Hegel was true to his mystical heritage even in his advocacy for philosophy as a sanctuary for an isolated order of priests, in retreat from the world, from what Hegel believed to be the failures of the Enlightenment and religious leadership.1 The final paragraph of the Enneads is ‘This is the life of gods and of the godlike and blessed among men, liberation from the alien that besets us here, a life taking no pleasure in the things of earth, the passing of solitary to solitary.’ Armstrong referred to this as ‘the flight of the alone to the Alone.’2
As Proclus did to Plotinus, so ‘the German Proclus’ did to them both. He developed a tremendously rich, dynamic and dialectical philosophy with creativity at its core – which current has made such an enormous contribution to all aspects of Western culture, including towards the greatest scientific hypothesis, that of Copernicus for whom the divine light is at the centre, and the work of Kepler – into the potential for a new epistemological ‘nodal point’ in the modern world.
Key Neoplatonic elements in the structure of his philosophy – including its prose poetry, its belief (contradictorily!) in the worth of humanity and the wonder of the world (both of which Cusanus thought) made his philosophy the best until his time to reflect back onto the world its poetry. The poetry and potential of consciousness is the poetry and potential of the world – they are the same, materially.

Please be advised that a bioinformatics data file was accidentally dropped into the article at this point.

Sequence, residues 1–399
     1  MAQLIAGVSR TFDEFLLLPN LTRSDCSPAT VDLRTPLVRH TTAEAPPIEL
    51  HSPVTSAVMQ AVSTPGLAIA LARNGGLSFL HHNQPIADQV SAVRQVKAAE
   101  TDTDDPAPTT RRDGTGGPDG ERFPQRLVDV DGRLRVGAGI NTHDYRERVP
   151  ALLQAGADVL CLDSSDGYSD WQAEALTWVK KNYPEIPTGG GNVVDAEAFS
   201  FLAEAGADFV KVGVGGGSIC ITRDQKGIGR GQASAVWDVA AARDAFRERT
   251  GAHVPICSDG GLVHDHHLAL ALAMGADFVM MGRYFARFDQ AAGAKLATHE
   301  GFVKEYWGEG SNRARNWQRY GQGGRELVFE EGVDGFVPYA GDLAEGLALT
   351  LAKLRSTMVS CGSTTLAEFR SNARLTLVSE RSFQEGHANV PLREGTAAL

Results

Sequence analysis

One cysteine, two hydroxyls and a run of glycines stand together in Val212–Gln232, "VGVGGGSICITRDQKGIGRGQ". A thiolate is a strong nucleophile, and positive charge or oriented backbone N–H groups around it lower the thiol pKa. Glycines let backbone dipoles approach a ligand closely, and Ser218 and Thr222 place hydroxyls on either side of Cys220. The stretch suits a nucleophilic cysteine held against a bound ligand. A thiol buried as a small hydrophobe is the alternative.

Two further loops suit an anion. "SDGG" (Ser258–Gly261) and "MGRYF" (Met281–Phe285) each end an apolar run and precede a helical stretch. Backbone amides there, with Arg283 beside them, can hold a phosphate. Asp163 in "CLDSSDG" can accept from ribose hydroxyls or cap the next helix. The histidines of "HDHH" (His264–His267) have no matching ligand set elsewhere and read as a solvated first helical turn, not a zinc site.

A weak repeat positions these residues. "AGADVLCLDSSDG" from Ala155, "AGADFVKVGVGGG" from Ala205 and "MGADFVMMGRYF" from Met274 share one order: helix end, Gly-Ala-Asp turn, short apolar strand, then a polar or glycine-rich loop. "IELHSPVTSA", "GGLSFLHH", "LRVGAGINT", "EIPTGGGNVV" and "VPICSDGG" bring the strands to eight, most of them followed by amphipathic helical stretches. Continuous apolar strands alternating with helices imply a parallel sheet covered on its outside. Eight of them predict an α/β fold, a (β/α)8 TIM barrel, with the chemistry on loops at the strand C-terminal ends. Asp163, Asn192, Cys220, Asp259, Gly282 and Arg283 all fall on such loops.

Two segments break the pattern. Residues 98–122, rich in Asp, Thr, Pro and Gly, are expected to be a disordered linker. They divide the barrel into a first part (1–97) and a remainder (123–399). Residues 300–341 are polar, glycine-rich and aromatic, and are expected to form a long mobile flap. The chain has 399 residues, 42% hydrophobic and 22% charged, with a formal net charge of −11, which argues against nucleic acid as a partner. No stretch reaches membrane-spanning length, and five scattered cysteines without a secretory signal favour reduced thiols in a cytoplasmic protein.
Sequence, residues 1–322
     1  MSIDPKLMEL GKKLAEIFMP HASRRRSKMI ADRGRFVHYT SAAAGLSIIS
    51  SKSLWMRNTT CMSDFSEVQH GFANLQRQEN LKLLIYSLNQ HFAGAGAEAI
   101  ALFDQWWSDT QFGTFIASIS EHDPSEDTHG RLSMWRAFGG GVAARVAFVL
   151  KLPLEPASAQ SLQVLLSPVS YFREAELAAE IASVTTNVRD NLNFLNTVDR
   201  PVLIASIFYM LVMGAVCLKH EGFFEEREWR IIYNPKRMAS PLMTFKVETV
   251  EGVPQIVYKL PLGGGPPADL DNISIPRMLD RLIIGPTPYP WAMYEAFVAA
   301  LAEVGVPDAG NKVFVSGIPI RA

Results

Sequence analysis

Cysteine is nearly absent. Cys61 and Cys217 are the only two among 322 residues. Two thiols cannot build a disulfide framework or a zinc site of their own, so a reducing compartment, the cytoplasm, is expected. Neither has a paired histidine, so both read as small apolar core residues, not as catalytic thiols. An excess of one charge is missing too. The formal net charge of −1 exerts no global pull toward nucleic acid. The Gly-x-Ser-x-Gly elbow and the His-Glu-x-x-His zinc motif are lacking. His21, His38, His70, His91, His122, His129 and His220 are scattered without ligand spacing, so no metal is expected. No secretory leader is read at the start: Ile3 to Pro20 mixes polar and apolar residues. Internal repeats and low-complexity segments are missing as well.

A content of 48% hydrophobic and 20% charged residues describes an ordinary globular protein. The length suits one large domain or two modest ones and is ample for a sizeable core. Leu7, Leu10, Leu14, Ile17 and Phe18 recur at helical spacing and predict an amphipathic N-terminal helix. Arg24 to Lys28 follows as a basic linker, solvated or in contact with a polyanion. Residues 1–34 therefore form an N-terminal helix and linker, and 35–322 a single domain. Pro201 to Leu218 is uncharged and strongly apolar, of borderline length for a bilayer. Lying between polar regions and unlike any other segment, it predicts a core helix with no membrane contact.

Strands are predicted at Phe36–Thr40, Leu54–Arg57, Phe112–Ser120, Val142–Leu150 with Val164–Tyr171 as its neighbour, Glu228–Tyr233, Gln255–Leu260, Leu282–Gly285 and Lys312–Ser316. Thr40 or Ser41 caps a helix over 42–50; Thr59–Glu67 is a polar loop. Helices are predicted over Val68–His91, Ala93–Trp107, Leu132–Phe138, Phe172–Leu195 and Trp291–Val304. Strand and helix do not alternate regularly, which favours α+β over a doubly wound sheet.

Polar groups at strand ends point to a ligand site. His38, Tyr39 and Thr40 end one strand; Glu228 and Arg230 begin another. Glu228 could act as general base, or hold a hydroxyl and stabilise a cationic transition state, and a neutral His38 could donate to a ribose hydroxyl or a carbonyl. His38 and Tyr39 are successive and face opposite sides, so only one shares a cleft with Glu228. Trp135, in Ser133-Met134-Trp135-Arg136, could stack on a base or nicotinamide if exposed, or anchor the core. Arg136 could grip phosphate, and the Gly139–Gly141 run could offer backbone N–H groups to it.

Marx, recognising this, was correct to take Hegel’s development on Neoplatonism an enormous dialectical step forward again (from mysticism to materialism, no less!) by standing Hegel’s philosophy ‘on its feet,’ but although he clearly recognised its mysticism along with its worth, he never thought through the obvious short-coming of Neoplatonic teleology – retaining that part – ‘on its head’.3
To believe that the engine of contradiction might have resolution in an ‘end point’ of unity – either in the One God, the Prussian state4 or communism was an extraordinary error by three of the greatest dialecticians.
1. ‘Religion must take refuge in philosophy. For the theologians of the present day, the world is a passing away into subjective reflection because it has as its form merely the externality of contingent occurrence. But philosophy, as we have said, is also partial: it forms an isolated order of priests – a sanctuary – who are untroubled about how it goes with the world, who need not mix with it, and whose work is to preserve this possession of truth. How things turn out in the world is not our affair.’ G.W.F. Hegel, Lectures on the Philosophy of Religion Volume III, op. cit., 162 ↩
2. Plotinus The Enneads, Abridged. Trans. Stephen MacKenna. London: Penguin, 1991, VI,9.11, 549; Plotinus (Enneads) Trans. A.H. Armstrong. In seven volumes. William Heinemann, London, 1966-1988, Volume VII, 345 ↩
3. ‘I therefore openly avowed myself the pupil of that mighty thinker…The mystification which the dialectic suffers in Hegel’s hands by no means prevents him from being the first to present its general forms of motion in a comprehensive and conscious manner. With him it is standing on its head. It must be inverted, in order to discover the rational kernel within the mystical shell.‘ Karl Marx, Capital, vol. 1, Postface to the Second Edition 1873, Penguin, London, 1982, 103. ↩
4. Hegel was contradictory on this point. ↩